Boston Bruins fans remember the 2013 off-season mostly for the Tyler Seguin trade, but there was another big move made that summer.
Dennis Seidenberg’s contract was nearly up in Boston — and the German defenseman had just turned thirty-two, but he was still one of the strongest (and most reliable) back-end blue liners the Bruins employed. He was a workhorse; the team knew he could be iced for top line minutes each and every night without showing much fatigue, and he seemed to want to stay with the team.
So at the start of the season, he was inked to a monster extension — worth four years and sixteen million dollars over that time — complete with a full no-trade clause. Seidenberg seemed as happy about it as the team did; he wanted to stay in Boston for a long time.
For the first half of the 2013-2014 season, he performed exactly as he should — but after a knee injury sidelined him for the remainder of the season, his glow started to fade.
It wasn’t just him; with veteran winger Jarome Iginla’s contract bonuses counting against their cap that following season (even though there was no Iginla still on the ice with the team), the Bruins were pressed against the cap ceiling with a semi-assembled roster. Add in the need to re-sign two restricted free agents, and the team had to deal away blue liner Johnny Boychuk to even fit under the cap with both Torey Krug and Reilly Smith on the roster. They’re still powerful and competent, but gone is the team that finished first overall in 2014 with a +82 goal differential; instead, the Bruins are barely clinging to a playoff spot with lackluster offense and a patchy defense.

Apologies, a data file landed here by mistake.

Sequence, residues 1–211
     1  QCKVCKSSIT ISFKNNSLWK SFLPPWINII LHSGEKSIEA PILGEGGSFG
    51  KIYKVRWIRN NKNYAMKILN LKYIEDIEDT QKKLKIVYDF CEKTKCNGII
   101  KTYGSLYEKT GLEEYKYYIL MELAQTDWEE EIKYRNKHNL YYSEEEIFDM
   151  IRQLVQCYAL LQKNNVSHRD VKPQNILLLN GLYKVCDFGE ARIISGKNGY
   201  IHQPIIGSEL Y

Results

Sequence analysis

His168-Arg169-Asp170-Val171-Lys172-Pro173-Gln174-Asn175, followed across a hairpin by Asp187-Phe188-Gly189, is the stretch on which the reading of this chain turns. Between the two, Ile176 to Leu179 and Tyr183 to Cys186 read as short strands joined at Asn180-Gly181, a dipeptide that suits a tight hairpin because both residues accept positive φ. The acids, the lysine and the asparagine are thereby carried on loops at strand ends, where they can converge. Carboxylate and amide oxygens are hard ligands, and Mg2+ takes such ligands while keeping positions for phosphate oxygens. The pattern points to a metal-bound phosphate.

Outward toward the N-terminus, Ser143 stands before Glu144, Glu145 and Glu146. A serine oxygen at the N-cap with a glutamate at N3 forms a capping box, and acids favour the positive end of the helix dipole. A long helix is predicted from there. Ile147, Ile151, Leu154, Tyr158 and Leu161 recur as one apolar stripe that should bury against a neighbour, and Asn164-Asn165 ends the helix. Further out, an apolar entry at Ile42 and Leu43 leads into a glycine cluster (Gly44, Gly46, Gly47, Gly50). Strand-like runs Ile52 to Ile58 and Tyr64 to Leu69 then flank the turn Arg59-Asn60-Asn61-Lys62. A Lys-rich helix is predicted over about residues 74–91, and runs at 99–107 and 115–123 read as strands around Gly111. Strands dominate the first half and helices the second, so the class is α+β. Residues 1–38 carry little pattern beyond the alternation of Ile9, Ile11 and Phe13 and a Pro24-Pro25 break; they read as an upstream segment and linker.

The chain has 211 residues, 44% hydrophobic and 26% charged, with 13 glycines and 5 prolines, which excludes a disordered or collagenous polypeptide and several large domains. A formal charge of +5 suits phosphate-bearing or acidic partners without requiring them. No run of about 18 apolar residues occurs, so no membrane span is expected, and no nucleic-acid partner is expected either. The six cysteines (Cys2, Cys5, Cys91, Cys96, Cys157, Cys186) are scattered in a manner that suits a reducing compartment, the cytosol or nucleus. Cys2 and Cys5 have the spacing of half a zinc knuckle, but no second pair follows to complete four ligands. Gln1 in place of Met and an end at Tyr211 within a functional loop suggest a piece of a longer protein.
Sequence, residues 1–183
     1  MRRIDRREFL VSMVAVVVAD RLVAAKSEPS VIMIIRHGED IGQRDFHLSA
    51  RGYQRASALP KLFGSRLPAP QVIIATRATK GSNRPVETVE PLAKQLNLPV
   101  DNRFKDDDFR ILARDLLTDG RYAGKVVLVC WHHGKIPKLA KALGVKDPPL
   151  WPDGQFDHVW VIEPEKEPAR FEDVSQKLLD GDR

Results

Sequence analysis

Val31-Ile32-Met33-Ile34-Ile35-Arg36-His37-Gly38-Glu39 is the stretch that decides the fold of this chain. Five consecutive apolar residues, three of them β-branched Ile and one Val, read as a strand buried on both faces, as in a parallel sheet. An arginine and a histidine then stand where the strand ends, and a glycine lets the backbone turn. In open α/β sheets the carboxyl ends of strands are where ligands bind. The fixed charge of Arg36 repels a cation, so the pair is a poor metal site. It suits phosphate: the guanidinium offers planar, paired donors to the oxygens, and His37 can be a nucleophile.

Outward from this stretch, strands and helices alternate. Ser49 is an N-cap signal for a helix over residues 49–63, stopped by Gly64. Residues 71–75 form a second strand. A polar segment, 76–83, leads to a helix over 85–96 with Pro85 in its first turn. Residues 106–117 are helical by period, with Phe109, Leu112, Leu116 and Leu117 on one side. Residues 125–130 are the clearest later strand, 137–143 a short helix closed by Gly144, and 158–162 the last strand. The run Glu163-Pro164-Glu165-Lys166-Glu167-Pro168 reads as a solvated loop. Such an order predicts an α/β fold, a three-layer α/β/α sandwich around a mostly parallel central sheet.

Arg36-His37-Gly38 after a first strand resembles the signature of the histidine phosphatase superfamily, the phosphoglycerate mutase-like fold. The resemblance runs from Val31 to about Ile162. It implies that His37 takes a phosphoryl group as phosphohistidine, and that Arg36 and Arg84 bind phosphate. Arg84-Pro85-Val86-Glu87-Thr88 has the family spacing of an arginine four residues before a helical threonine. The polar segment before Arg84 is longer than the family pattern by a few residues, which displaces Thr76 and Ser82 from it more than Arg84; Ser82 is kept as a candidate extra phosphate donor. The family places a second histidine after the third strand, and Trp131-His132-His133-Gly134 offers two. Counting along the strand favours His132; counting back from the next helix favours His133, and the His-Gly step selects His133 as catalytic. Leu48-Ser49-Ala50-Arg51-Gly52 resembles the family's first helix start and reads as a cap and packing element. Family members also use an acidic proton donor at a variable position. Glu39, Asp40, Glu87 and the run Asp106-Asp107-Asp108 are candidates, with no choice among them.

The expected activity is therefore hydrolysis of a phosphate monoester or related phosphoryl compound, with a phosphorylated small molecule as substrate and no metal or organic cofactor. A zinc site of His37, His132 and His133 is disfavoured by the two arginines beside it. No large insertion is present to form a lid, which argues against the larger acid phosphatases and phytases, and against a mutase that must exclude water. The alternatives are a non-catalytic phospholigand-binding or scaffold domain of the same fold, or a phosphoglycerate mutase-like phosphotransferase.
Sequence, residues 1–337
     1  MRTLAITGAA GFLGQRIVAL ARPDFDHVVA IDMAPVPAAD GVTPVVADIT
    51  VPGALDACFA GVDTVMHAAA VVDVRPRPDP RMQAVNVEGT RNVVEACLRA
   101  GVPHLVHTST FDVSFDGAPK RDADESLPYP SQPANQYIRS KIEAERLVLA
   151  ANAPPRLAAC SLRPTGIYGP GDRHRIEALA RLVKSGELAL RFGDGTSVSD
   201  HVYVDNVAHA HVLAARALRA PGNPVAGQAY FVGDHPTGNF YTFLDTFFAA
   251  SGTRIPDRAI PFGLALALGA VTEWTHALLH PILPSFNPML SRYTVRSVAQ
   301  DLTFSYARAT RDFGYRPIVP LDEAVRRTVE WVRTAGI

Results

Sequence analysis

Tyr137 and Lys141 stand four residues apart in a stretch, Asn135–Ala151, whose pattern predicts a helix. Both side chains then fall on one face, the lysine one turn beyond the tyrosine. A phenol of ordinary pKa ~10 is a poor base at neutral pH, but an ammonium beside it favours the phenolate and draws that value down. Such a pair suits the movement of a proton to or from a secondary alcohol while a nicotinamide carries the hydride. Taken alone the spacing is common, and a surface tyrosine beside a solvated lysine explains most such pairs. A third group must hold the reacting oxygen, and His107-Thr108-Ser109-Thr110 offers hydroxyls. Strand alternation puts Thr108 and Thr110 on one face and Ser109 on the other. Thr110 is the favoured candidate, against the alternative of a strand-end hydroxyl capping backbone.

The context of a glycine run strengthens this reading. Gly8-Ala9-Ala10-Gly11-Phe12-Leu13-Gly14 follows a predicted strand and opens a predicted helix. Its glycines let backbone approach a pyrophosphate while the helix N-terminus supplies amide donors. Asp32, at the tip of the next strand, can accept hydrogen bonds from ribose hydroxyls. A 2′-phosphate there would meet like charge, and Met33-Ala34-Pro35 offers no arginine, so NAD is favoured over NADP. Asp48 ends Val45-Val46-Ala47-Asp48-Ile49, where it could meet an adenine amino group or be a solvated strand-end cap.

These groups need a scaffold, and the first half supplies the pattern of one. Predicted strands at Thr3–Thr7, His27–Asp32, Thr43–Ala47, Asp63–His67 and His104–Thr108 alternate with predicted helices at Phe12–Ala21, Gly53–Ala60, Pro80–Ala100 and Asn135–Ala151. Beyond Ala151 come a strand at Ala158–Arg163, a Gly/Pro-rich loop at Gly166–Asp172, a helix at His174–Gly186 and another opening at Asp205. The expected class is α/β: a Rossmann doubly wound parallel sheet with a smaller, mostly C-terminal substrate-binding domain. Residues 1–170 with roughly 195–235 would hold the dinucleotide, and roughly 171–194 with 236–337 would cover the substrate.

Dennis Seidenberg knows it, too — and so when the rumors that the team was shopping him surfaced, he didn’t let his full no-trade clause do the speaking for him. As a matter of fact, he might not let it do it’s job at all.
According to Joe Haggerty of Comcast Sportsnet, Seidenberg has agreed to waive his no-trade clause if the ‘team doesn’t want him anymore’.
The comments have inevitably created some online backlash — some Boston fans argue that the team should never have backed themselves into this kind of financial corner in the first place, while others think that this is pushing away a loyal team member who no longer feels welcome in the city he once loved.
Financially, though, it makes sense to shop Seidenberg — with very few competent back-end defensemen on the market and not much to offer from the Bruins’ roster in the first place, an aging blue liner is likely to be the first one to go. The team needs the cap space, and they don’t have many options.
If he does waive his no-trade clause, though, the team will have to figure out where he’ll land… and soon. The trade deadline is closer than we’d all care to admit; if Boston wants to make the playoffs, they’ll have to hurry.